Infinite Crisis looks like an amazing game. The trailer is really impressive (check it out below), I watched the whole thing, and immediately decided to sign up.

When I arrived at infinitecrisis.com it all seemed so simple. All I had to do was fill out this form, and I can start playing. In step 1 seen below it actually just seemed like the game was all online. It’s not till later that I realize downloading software is a requirement.

Step 1
Step 1

After choosing a username, and giving up a lot of personal information I move on to step 2, seen below. An email confirmation is required. Now switching to my email and then back again, I notice a very tiny button that says “download game”.

Step 2
Step 2

Ok, now I’ve confirmed my email, and I’m ready to start playing. Wait! I can’t play, because I use a Mac. Right? Or maybe there is a way to play with a Mac. Check out Step 3. It says “Recommended System Requirements”, does that mean the game plays better on a PC or that a PC is required?

Step 3
Step 3

Now I’m confused…

I head over to support, which is a joke, and there’s nothing there to help me.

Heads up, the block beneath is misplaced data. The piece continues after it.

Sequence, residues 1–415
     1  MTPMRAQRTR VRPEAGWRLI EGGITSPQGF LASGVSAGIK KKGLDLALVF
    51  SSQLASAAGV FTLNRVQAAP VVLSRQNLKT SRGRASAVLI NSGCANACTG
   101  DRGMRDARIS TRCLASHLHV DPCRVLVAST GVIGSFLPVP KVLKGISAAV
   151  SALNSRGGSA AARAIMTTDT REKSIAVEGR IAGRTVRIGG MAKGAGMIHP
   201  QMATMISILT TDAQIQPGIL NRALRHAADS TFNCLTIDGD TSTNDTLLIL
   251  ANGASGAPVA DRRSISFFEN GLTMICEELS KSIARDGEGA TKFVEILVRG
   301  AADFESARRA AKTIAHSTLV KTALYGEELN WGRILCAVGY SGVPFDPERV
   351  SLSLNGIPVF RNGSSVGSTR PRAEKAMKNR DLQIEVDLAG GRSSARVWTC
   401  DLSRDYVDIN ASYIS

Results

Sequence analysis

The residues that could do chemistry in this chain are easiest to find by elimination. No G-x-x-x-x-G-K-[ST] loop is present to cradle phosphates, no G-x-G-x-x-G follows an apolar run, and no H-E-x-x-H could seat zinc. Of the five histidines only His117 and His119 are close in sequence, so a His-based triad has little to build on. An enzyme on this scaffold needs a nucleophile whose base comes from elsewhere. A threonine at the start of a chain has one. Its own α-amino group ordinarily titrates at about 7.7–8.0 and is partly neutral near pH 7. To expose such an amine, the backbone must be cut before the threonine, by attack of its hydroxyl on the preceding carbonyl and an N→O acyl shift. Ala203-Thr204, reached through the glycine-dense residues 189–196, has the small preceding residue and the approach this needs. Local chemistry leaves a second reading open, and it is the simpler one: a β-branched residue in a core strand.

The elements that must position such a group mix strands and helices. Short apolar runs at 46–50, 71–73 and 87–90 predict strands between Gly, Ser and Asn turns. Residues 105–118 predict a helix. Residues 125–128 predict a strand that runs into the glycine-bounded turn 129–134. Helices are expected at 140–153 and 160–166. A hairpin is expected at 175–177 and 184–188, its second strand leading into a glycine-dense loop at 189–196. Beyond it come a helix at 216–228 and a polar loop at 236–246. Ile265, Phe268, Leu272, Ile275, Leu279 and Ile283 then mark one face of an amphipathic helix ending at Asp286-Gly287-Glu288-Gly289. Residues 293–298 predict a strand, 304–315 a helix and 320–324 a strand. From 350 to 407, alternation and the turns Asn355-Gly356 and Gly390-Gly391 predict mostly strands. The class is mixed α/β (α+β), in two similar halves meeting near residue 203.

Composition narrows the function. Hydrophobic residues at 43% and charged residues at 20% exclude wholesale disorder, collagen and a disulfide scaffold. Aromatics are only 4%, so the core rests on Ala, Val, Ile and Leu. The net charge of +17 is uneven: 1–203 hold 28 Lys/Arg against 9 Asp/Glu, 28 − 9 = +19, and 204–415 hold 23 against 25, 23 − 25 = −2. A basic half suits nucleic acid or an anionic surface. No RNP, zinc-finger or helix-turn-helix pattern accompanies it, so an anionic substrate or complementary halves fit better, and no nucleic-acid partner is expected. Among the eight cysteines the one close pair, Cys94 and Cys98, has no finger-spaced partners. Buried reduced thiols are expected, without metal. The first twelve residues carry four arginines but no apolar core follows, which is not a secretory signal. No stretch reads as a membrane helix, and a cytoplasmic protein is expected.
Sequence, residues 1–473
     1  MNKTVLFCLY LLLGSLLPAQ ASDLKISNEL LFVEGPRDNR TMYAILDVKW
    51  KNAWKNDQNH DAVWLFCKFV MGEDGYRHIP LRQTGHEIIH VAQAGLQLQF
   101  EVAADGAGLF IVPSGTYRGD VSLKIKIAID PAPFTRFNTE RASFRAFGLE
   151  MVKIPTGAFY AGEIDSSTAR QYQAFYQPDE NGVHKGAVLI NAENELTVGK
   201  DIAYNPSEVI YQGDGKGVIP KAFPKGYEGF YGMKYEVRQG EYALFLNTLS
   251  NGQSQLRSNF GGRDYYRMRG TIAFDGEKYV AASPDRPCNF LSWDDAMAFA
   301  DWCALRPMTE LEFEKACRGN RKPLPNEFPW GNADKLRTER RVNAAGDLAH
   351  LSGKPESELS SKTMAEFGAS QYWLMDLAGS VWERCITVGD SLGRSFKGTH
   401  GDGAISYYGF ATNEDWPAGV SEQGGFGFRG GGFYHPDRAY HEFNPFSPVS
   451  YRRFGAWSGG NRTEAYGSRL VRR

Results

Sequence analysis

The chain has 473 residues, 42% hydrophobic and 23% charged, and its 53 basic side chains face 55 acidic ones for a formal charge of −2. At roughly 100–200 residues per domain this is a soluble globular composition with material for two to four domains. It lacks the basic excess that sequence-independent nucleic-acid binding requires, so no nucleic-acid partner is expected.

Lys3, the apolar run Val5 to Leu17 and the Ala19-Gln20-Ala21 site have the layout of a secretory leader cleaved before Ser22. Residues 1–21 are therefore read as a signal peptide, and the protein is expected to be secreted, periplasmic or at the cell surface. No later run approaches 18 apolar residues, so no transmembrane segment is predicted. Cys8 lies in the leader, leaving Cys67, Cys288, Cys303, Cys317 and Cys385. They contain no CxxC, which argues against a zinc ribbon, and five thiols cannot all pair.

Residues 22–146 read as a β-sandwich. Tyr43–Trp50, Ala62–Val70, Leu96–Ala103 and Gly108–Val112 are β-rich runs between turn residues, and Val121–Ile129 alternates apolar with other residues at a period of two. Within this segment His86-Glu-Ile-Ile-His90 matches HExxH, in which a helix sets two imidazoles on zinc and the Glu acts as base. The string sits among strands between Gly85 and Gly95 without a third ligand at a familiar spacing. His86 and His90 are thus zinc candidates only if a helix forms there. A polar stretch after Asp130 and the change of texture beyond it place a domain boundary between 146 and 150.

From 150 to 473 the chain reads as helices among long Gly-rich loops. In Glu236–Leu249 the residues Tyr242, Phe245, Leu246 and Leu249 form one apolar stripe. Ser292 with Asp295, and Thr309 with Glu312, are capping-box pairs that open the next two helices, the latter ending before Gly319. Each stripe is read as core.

Fine, I decide to accept that I can’t play this game because I don’t have a PC. So now I’m really excited about something that I can’t use, and I’ve wasted my time.

What could they have done better?

Well, other than creating a game that I actually get to play. You could tell me that I can’t play it, right up front. It is so easy to detect why kind of computer I am using. How about a simple message that says:

Currently we don’t support game play on a Mac computer. Feel free to sign up and we’ll notify you if this ever changes.

This is a perfect example of real-time site personalization that we can all start doing today. There is no excuse for poor experiences like this one. Fix it and keep your users happy.

Jesse Friedman has been building websites for 18 years, and exclusively with WordPress since 2006. Since then Jesse has written several books, taught 100’s of students as a professor, and organized dozens of local meetups along with a few WordCamps. Jesse has spoken at tech conferences around the world including SXSW, HOW, Future events and many more. Jesse has consulted for a wide array of companies from small agencies to multi-billion dollar international companies. Today Jesse is a proud team member of Jetpack at Automattic, where he spends his time growth hacking and building strategic partnerships.

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